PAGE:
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rapport

“If you expect above-average results you must learn, implement and perform above-average concepts.”

Pacing, matching or mirroring, whatever it is that you want to call it, has been around a long time. As sales people, we have all at one time or another read a book, listened to a CD or attended training of some type where we were told of the importance of it and of the positive results it can have on our sales. Briefly, Mirroring is a human behavior characterized by copying someone else while communicating with them. It could mean the copying of postures, tone of voice or gestures; it could also be the mimicking of movement, body language, expressions, eye movement, breathing, tempo, attitude or any other number of things. Think of it as follow the leader or do as I do. There are a number of reasons why this rapport building concept is so powerful and many reasons why you should be doing it everyday with every customer. If you think of communication as a type of dance, a dance between two people, then imagine a partner that has never danced a day in their life. Imagine having your feet stepped on and your tempo thrown off as your partner fails to take your lead. Now imagine a partner that follows you step for step, turns left when you turn left, spins when you spin, its harmony and you feel at ease with your dance partner. Communication can be tense and awkward between strangers or it can be lively and comfortable, it truly is all up to you. People are generally much friendlier when you mirror their expressions, hand gestures or body movements. For instance, when a prospect walks on the lot and they have their arms crossed, you do the same. If they talk slowly and deliberately you do the same. Same goes for hand gestures, if they talk with their hands so do you. A lot of people will feel awkward when they pace a prospect too closely, you must get past that. You won’t be caught and you will be able to create a solid foundation of rapport and mutual respect quicker than with any other “communication technique.”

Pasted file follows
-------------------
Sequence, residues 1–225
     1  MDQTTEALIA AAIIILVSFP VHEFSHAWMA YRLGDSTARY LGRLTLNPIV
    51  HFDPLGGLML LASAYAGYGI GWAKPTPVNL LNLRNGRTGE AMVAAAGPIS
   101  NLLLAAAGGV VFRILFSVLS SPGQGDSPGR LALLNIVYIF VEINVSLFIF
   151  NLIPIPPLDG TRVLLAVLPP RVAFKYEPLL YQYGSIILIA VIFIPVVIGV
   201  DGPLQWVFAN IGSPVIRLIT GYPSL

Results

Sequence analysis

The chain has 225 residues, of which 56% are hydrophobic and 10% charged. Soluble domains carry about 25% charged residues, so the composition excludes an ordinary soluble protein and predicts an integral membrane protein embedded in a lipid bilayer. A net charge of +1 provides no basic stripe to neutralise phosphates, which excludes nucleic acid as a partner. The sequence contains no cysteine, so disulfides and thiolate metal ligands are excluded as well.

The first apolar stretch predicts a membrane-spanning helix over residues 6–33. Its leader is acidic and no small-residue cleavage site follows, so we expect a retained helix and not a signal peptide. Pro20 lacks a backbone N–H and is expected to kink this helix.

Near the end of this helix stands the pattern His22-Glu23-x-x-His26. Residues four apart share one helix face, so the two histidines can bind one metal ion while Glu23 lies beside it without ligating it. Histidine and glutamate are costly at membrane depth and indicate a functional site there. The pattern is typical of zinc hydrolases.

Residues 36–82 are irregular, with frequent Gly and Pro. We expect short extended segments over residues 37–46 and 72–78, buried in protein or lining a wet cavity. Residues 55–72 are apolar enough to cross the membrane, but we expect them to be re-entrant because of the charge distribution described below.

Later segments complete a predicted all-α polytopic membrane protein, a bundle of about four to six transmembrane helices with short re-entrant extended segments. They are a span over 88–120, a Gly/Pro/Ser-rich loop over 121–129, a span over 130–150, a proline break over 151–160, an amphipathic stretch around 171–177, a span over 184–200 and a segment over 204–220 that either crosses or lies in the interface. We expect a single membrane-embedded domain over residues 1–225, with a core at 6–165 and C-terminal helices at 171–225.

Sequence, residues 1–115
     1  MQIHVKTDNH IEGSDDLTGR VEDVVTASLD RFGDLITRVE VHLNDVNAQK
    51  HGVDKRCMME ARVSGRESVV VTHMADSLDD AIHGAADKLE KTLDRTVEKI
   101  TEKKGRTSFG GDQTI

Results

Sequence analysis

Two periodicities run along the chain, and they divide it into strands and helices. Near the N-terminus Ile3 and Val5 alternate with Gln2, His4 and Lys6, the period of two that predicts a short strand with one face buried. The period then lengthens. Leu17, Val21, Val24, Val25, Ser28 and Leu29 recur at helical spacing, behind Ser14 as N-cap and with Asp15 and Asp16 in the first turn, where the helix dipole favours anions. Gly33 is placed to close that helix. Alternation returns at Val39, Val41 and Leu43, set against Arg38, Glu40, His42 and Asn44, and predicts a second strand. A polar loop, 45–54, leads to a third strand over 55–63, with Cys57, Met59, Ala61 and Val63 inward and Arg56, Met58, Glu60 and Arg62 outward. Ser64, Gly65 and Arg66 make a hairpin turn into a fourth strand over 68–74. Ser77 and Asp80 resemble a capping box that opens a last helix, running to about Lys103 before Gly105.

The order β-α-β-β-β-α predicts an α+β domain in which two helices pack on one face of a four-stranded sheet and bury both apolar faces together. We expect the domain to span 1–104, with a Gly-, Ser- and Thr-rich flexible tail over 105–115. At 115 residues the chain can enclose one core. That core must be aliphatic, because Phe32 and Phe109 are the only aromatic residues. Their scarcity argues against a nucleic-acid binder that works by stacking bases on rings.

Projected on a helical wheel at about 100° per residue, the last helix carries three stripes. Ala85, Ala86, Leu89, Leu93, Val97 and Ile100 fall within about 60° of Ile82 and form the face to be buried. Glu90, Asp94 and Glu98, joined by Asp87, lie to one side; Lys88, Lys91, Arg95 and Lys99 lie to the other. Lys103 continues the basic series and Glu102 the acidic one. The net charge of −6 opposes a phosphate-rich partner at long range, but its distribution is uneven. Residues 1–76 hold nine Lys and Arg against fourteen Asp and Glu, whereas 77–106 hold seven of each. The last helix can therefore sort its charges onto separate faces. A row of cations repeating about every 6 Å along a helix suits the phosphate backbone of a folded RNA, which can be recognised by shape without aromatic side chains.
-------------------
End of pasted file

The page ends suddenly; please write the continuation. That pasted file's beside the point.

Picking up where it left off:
“To the extent you can match another person’s behavior, both verbally and non-verbally, you will be able to increase your level of rapport and trust.”
Taking the analogy that communication is like a dance one step further, a good dancer can switch from following to leading without their partner ever being the wiser. This is exactly what I want you to be able to do. I want you to be so versed, so good at matching that you can switch from being the follower to being the leader without your prospect ever being the wiser. In fact if you have mirrored close enough your prospect will be more than happy to let you lead because they feel a connection with you, they are beginning to trust you. Teaching when to switch from following to leading is no easy task because each situation is different. Sometimes the switch can happen in a matter of minutes, other times it can be longer. A good rule of thumb is if you start to lead and the prospect doesn’t follow, go right back into pacing, but most of the time you will know when the right time is. Be subtle at first then increasingly more blatant as you lead the prospect toward the sale. If at anytime during the sales process you prospect stops following, you know there as an issue, stop right there and address it, slipping back into matching as you do so. Start practicing pacing as soon as possible, with everybody you meet. Pace body language and speech patters, try to get caught so that your confidence will grow. This is a very powerful tool, one of the most powerful weapons in any sales person’s arsenal, why aren’t you using it?

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